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Thursday, May 06, 2021
cats
cats

Hawthorne residents have seen a rise in some furry new neighbors, but residents aren’t happy about it.

The City Commission agreed to partner with Alachua County Animal Services and Operation Catnip of Gainesville on Tuesday after citizens voiced their complaints about property damage done by stray cats.

An educational workshop will be set up for the community to learn about the Trap-Neuter-Return (TNR) program, Mayor Matt Surrency said. The workshop will be aimed to inform people how the program works and why it is done.

“We’re going to work with the community and the people that are involved to try and do a big round-up at one time,” Surrency said. “We’re working on it at this time to figure out the best time to work with all of our partners.”

The TNR program provides spay, neuter and vaccinations for free-roaming community cats that do not have owners, said Audrey Garrison, executive director of Operation Catnip. The cats are ear-tipped, which is when 1 centimeter of the tip of their ear is cut off to show that they were spayed or neutered.

Community cats usually stay around because they are being fed and have a food source to come back to, Garrison said. Generally, the cats are brought to the clinic by people who feed the cats where they live or work.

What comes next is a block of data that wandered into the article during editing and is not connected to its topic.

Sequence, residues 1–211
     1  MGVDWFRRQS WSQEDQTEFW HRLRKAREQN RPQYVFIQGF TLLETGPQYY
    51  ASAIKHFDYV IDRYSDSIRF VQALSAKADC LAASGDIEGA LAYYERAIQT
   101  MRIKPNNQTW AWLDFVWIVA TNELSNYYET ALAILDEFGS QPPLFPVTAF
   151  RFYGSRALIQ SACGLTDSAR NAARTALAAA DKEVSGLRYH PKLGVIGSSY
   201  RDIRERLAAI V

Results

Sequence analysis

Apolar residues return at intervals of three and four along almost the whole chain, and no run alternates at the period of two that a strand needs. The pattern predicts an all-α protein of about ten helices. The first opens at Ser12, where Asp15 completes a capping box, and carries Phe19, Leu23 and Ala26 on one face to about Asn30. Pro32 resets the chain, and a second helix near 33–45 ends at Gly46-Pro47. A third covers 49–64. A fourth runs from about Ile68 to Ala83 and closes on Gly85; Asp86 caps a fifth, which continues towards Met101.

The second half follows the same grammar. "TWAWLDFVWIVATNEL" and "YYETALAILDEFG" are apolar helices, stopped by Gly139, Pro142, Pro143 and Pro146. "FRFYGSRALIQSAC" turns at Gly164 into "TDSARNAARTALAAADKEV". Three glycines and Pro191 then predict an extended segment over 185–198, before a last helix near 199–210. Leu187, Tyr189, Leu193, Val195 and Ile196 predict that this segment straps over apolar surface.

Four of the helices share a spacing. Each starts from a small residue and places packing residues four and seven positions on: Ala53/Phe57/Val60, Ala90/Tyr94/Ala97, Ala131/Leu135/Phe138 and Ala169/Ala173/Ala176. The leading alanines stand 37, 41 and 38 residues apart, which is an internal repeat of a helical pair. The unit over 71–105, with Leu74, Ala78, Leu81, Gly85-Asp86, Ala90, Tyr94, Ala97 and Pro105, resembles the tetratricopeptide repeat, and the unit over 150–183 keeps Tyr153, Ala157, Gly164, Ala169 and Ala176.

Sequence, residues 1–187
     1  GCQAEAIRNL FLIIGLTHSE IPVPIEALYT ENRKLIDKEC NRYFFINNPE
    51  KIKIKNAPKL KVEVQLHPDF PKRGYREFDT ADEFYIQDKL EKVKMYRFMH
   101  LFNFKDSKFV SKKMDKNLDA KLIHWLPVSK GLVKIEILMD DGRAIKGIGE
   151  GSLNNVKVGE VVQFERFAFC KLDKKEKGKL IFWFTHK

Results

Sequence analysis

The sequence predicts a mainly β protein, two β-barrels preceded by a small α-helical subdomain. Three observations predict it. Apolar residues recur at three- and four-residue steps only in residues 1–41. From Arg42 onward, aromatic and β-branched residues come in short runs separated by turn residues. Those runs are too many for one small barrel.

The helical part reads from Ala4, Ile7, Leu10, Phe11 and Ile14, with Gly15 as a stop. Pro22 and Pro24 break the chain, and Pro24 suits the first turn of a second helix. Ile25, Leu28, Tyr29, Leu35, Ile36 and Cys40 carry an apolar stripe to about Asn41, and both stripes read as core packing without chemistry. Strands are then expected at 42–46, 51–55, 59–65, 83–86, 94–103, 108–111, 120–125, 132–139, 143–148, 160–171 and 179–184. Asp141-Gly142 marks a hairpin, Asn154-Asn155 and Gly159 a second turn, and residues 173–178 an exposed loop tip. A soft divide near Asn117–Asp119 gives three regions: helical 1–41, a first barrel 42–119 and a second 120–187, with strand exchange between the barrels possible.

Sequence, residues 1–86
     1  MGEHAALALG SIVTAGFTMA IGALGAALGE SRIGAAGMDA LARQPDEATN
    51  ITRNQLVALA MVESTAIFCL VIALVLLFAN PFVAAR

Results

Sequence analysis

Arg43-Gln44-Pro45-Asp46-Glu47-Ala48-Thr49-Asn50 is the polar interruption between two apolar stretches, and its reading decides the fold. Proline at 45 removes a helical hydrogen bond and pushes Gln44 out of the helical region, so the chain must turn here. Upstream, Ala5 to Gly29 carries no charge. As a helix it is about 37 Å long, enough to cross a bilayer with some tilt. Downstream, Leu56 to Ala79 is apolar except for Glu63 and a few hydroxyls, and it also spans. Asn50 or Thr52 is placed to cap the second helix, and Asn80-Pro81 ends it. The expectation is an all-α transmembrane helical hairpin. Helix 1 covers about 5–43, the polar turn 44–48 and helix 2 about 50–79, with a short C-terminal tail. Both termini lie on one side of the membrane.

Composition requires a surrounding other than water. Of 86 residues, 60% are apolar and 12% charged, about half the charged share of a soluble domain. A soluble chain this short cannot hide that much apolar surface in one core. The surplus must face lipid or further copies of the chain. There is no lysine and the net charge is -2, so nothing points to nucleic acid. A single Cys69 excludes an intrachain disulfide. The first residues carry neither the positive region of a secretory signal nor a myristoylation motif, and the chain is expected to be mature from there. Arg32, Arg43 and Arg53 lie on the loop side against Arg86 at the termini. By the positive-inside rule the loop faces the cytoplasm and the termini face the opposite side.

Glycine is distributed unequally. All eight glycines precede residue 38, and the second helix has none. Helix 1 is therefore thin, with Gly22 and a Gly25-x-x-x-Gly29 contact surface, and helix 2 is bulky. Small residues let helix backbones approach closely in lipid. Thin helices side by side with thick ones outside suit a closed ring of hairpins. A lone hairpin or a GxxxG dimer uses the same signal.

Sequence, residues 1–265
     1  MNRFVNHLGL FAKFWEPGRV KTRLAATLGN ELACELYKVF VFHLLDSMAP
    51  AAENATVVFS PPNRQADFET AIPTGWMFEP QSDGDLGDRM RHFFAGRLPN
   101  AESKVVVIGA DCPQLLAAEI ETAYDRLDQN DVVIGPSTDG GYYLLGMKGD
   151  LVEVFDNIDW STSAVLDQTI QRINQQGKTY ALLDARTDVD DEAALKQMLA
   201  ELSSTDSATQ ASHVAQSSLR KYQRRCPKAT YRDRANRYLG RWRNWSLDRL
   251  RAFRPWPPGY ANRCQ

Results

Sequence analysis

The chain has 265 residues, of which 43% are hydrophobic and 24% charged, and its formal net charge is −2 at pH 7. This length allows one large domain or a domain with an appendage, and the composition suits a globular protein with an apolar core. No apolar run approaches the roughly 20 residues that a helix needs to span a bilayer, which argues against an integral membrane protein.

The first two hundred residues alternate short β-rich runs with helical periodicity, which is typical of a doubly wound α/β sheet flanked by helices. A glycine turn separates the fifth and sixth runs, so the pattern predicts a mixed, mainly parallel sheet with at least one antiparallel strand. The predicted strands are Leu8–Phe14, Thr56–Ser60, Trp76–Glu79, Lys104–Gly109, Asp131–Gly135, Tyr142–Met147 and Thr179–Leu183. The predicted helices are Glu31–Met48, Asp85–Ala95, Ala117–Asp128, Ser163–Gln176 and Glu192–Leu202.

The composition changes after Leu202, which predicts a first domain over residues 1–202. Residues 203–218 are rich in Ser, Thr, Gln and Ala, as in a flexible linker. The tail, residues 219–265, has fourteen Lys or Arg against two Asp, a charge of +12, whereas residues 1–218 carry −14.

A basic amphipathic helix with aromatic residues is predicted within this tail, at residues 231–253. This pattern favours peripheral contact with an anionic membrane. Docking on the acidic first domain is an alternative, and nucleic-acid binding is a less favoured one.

Garrison said the TNR program is a humane way of controlling overpopulation of feral cats instead of euthanizing the cats.

“You can control the population with spay and neuter,” Garrison said. “As a nation, for years, our solution to free-roaming cats was to kill them and that did nothing.”

Surrency said after the educational workshop, the city will be getting traps provided by Operation Catnip and set them all up at the same time. The cats will be taken to Operation Catnip clinics to be spayed or neutered and eventually be returned to where they were captured.

Garrison said Operation Catnip hosts specific clinic days to bring in the cats but that the organization would possibly set up additional days depending on the number of people interested.

“We’re happy to work with the city of Hawthorne, or anybody else that is willing to be proactive in helping to control the population of cats,” Garrison said.

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